It should emulate Brazil’s success in leveraging the power of public banks to catalyse renewable energy investments. The establishment of a dedicated Green Bank, modelled after Brazil’s BNDES, could provide low-cost financing, risk mitigation, and technical expertise to support renewable energy projects. Nigeria should also diversify its financing instruments, moving beyond traditional loans and grants to incorporate innovative blended finance mechanisms. This could include utilising green bonds, securitising renewable energy projects, and leveraging international climate finance initiatives.
The African Development Bank (AfDB) has sounded an urgent call for robust private sector involvement in Nigeria’s quest to achieve its ambitious climate change and green growth aspirations. In its incisive “Nigeria Country Focus Report (CFR) 2023,” the AfDB unequivocally states that mobilising private sector climate finance is the key to unlocking Nigeria’s potential to meet its 2030 nationally determined contribution (NDC) targets.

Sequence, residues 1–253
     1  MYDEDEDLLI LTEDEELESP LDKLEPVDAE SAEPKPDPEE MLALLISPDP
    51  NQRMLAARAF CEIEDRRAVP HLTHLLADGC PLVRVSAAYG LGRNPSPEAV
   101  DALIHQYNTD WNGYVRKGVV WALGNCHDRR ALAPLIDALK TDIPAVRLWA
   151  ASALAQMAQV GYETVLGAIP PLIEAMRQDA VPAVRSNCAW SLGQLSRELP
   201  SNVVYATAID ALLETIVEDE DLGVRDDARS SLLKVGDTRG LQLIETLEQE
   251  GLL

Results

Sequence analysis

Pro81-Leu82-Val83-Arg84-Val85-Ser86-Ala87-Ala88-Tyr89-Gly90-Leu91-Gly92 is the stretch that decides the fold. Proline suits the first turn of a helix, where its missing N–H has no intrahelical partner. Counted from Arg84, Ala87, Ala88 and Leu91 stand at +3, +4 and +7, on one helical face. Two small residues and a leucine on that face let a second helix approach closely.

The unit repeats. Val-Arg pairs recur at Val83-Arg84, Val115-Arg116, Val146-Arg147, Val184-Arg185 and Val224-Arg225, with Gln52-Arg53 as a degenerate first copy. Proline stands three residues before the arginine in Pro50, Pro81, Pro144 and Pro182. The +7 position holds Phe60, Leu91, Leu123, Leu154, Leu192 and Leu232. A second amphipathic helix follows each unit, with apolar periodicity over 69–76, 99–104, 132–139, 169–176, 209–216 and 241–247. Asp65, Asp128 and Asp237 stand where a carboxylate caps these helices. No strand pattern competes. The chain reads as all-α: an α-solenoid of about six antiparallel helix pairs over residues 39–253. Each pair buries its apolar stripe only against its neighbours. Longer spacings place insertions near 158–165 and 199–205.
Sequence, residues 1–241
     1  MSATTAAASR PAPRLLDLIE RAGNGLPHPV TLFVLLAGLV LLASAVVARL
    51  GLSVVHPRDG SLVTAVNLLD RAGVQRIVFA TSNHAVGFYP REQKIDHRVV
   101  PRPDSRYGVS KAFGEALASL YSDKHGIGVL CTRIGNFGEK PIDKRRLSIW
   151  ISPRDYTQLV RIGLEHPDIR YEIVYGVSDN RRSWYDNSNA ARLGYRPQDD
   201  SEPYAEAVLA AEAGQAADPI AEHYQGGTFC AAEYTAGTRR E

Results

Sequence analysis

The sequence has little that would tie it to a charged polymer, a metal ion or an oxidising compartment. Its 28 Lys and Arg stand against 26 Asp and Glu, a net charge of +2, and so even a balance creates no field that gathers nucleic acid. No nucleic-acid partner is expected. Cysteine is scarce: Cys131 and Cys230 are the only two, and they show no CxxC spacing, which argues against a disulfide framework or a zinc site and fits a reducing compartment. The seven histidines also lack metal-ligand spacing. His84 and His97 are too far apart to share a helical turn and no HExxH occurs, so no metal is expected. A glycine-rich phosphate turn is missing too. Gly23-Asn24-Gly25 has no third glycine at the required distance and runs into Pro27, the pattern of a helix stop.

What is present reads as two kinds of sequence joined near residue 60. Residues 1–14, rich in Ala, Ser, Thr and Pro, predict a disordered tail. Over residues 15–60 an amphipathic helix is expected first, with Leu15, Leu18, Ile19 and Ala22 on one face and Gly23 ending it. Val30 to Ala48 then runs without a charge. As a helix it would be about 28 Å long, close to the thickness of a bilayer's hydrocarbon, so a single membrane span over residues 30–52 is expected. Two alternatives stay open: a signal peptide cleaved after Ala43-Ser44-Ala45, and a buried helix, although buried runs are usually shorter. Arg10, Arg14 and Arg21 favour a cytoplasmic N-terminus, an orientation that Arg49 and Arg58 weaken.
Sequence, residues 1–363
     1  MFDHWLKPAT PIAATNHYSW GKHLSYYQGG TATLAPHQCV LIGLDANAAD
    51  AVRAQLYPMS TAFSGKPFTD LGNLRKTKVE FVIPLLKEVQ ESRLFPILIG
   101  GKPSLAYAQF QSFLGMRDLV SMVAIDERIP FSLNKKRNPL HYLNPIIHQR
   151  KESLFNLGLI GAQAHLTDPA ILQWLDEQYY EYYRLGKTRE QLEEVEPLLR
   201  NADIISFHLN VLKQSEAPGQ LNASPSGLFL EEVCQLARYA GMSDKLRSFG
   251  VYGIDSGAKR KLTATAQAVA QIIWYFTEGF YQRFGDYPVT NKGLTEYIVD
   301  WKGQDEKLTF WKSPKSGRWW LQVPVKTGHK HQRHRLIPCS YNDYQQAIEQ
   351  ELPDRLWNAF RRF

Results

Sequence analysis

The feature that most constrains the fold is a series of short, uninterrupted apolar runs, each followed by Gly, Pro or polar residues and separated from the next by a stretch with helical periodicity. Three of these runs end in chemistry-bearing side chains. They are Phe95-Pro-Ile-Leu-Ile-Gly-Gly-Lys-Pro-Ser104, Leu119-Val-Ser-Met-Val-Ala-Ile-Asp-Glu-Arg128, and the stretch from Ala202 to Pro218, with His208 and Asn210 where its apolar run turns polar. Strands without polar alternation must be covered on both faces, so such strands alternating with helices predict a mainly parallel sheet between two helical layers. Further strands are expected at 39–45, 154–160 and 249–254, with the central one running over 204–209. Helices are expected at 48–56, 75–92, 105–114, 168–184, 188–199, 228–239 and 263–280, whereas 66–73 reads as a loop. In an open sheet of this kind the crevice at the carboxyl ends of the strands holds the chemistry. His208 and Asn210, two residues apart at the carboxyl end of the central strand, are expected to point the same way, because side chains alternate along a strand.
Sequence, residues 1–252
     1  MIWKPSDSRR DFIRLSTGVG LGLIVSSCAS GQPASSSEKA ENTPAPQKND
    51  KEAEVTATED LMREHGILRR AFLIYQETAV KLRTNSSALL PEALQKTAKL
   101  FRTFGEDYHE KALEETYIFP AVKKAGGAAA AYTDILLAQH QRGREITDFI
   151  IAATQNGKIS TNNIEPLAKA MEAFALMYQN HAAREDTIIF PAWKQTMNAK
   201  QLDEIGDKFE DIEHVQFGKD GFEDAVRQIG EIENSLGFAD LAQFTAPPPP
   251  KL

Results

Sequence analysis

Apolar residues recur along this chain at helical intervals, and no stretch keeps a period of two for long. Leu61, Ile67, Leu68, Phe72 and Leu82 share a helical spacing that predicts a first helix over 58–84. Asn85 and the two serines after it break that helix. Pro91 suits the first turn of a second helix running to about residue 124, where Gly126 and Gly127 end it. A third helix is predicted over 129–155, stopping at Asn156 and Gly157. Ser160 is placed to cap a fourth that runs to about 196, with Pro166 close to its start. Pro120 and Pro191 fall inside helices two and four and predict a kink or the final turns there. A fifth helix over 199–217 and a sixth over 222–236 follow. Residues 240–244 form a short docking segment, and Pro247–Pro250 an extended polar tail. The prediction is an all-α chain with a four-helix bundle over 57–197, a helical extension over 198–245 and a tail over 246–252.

The report paints a stark picture of the financial muscle required to propel Nigeria’s green transformation. To bridge the gap between current efforts and the nation’s NDC commitments, an annual investment of $20.5 billion is needed, primarily directed towards renewable energy, sustainable transport, and waste management initiatives.
AfDB astutely observes that the private sector holds the key to unlocking this vast pool of capital. Nigeria’s private sector boasts an unparalleled capacity to attract and channel strategic investments from a diverse array of stakeholders, including individual investors, investment funds, and credit institutions. This untapped potential, if harnessed effectively, can serve as a powerful engine for Nigeria’s green transition.
The bank highlights the limitations of the public sector’s ability to shoulder the financial burden of climate action alone. Nigeria’s public coffers are strained, making it imperative to leverage the private sector’s financial prowess to drive meaningful change.
AfDB’s message is clear: Nigeria’s green growth aspirations can only be realised with the full and enthusiastic participation of the private sector. It is time for Nigeria’s private sector to step forward, embrace the opportunities presented by the green economy, and play a pivotal role in shaping a sustainable and prosperous future for the nation.
By Bankole Oloruntoba, Chief Executive Officer at the Nigeria Climate Innovation Centre